Yes, while I always say that it’s better to get your nutrients from food first sometimes supplements are necessary.
Unfortunately there are just some all-too-common nutrients that we simply don’t get enough of. And they’re absolutely critical to optimal health and wellness. Especially as we age.
Here I sifted through the supplements that are available on the market and boiled them down to a few that can have the most beneficial effect for women going through menopause.
If you live in the North Hemisphere chances are you are low in vitamin D. It’s the “sunshine vitamin” and we just aren’t able to hang out in shorts every day of the year. Even if we did we’d wisely use a bit of sun protection too.
Vitamin D is very important for everyone but especially women over 45. Want to know why?
Lack of vitamin D makes you feel fatigued, reduces your body’s immunity, can promote depression and mood swings, sleep problems, weight gain and it even helps to protect your bones! Besides, during peri menopause low levels of vitamin D can cause prolonged period bleeding.
Vitamin D also helps our body absorb and keep the calcium we get from our food and drinks. And we all know that calcium is one of the main things our bones are made of.
Want to know something funny about vitamin D? People who get enough vitamin D tend to fall less frequently. Especially as we get older.
Vitamin D can help your bones stay strong and help you fall less. Win-win!
What you can do to get enough vitamin D during menopause?
- Sunbathe whenever possible and make sure you do so without a sun cream for the first 20-30 min.
- Get vitamin D from natural sources by including foods like wild salmon and sardines into your diet or look at foods that are actually fortified with vitamin D3
- Supplement with vitamin D. The recommended daily dose is 1000iU but I recommend to check your vitamin D levels with your next blood test as most of us are heavy deficient and need higher daily supplementation.
Magnesium is an essential mineral needed for over 300 reactions in your body.
As with vitamin D it’s very common for us to simply not get enough. Not even the 350 mg per day that’s recommended.
Low levels of magnesium have been linked to high blood pressure, diabetes, low bone density, and even migraines.
Magnesium is found in so many healthy whole foods like beans, nuts, seeds and green leafy vegetables. In fact, the magnesium element is central to a plant’s chlorophyll – it’s actually what causes green plants to be green! And most of us just don’t get enough green plants into our bodies on a regular basis. (Check out the recipe below).
Magnesium is a very common supplement and is often added to multivitamins.
If you want to know more about the benefits of magnesium during menopause, check out my article HERE.
We’ve all heard that we need to get more omega-3 essential fatty acids, right? They’re good for our hearts, brains, and help to reduce inflammation.
These are all good things when it comes to our health and wellness.
But not all of us are ready, willing, and able to eat fish three times per week.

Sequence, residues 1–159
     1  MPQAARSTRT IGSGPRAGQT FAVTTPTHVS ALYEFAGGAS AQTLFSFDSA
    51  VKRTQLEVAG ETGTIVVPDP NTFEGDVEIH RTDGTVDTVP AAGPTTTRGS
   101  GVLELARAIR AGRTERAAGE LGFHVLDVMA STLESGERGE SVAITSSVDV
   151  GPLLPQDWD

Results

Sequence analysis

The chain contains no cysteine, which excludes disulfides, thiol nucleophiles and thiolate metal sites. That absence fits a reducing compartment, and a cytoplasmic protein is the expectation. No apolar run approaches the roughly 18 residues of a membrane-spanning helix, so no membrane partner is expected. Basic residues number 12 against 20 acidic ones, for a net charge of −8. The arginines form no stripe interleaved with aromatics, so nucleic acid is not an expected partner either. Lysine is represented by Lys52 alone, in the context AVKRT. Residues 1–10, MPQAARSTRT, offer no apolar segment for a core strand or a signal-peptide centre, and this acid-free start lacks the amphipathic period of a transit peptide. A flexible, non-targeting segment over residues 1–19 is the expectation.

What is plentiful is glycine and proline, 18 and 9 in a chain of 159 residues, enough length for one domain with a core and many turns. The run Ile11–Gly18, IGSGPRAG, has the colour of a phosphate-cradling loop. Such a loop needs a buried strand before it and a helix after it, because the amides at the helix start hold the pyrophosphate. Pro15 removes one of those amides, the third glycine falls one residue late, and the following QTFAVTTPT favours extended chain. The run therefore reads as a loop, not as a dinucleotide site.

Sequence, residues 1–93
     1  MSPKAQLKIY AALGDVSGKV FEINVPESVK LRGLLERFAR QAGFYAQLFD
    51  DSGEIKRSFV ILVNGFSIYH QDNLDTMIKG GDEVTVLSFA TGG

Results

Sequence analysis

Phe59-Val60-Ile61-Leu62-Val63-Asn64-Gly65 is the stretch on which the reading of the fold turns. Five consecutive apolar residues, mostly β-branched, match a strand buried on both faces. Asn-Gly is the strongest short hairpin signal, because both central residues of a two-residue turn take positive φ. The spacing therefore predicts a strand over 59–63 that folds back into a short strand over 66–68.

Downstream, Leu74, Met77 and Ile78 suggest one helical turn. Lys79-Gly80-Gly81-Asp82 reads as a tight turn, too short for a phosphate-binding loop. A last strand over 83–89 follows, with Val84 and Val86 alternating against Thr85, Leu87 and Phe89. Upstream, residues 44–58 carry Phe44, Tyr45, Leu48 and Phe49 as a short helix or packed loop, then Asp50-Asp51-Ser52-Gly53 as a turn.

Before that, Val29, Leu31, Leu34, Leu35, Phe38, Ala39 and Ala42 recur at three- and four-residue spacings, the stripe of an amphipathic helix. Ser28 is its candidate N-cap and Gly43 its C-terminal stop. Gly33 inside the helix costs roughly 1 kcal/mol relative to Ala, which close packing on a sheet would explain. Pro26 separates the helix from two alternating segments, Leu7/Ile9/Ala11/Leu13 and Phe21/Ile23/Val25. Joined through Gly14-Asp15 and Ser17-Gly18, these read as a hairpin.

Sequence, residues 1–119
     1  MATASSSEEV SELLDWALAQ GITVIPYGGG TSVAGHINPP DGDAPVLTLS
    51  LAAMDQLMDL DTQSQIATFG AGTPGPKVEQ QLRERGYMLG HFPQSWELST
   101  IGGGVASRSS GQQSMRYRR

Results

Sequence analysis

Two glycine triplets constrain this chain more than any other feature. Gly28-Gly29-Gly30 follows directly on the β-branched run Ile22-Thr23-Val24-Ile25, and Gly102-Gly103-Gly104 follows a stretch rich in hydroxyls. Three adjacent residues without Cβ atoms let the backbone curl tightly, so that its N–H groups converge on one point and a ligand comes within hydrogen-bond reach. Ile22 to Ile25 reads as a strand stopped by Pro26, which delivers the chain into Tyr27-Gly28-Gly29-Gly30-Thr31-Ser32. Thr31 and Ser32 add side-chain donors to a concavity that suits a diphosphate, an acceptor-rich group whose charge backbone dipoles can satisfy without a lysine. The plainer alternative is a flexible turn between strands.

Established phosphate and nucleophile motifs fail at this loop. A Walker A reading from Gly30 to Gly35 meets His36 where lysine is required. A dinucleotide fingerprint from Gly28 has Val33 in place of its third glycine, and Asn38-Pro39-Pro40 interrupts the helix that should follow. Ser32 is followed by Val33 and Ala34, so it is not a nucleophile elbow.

While fish oil supplements contain the “brain healthy” fats called EPA and DHA, those two are not technically the “essential” fats. The plant omega-3 known as ALA is essential and that is because our bodies can convert ALA into EPA and DHA when necessary.
Omega-3 supplements can be found in forms of flax oil, algae oil, fish oil, or even fish liver oil.
Pro Tip: Fish liver oil (e.g. cod liver oil) also contains vitamin D so check your labels and add the amounts together to know how much vitamin D you’re actually getting.
Want to find out more what makes omega 3 a reliable supplement for menopause? Read more HERE
Vitamin K is one of the four fat-soluble vitamins (A, D, E & K) that are essential to maintaining overall well being, but it is often associated with promoting heart health, bone density and oral health, as well as reducing cell mutations and infection rates.
This being said, the main benefits of vitamin K are blood clotting, bone mineralization, improving insulin sensitivity, promoting heart health, regulating sex hormones.
The best sources of vitamin K are green leafy vegetables, Brussel sprouts, cabbage, broccoli, cauliflower as well as natto (a traditional Japanese food made of fermented soy beans).
The recommended adequate intake of vitamin K according to webMD is 90 micrograms/day for women age 19 and up.
Want to know more about vitamin K and its benefits for you? Read more HERE
The supplements to consider now that you’re 45 are: vitamin D, magnesium, vitamin K2 and omega-3s.
Always read the supplement labels to see if there are warnings that would make them inappropriate for you. And, of course if you have any medical conditions or take medications or other supplements it’s always a good idea to speak with your doctor before starting anything new.
Recipe (Vitamin D, Magnesium & Omega-3s): Salmon Quinoa Buddha Bowl
4 cups baby spinach
1 cup quinoa (cooked)
2 salmon fillets
2 tablespoons sesame seeds
½ red onion (diced) (optional)
2 tablespoons sesame oil
2 tablespoons rice vinegar
1 tablespoon lemon juice
dash salt and pepper
Split spinach, quinoa, wild salmon, sesame seeds, and onion (if using) between two bowls.
Mix sesame oil, rice vinegar, and lemon juice together and pour on top of prepared Buddha bowls.
Add salt and pepper to taste.
Serve & Enjoy!
LAURA PEISCHL, BA, INHC
Laura is a Certified Integrative Nutrition Health Coach, Holistic Menopause Health Specialist and certified Hormone Health and Wellness Practitioner. She is the founder and owner of Feel Good Menopause.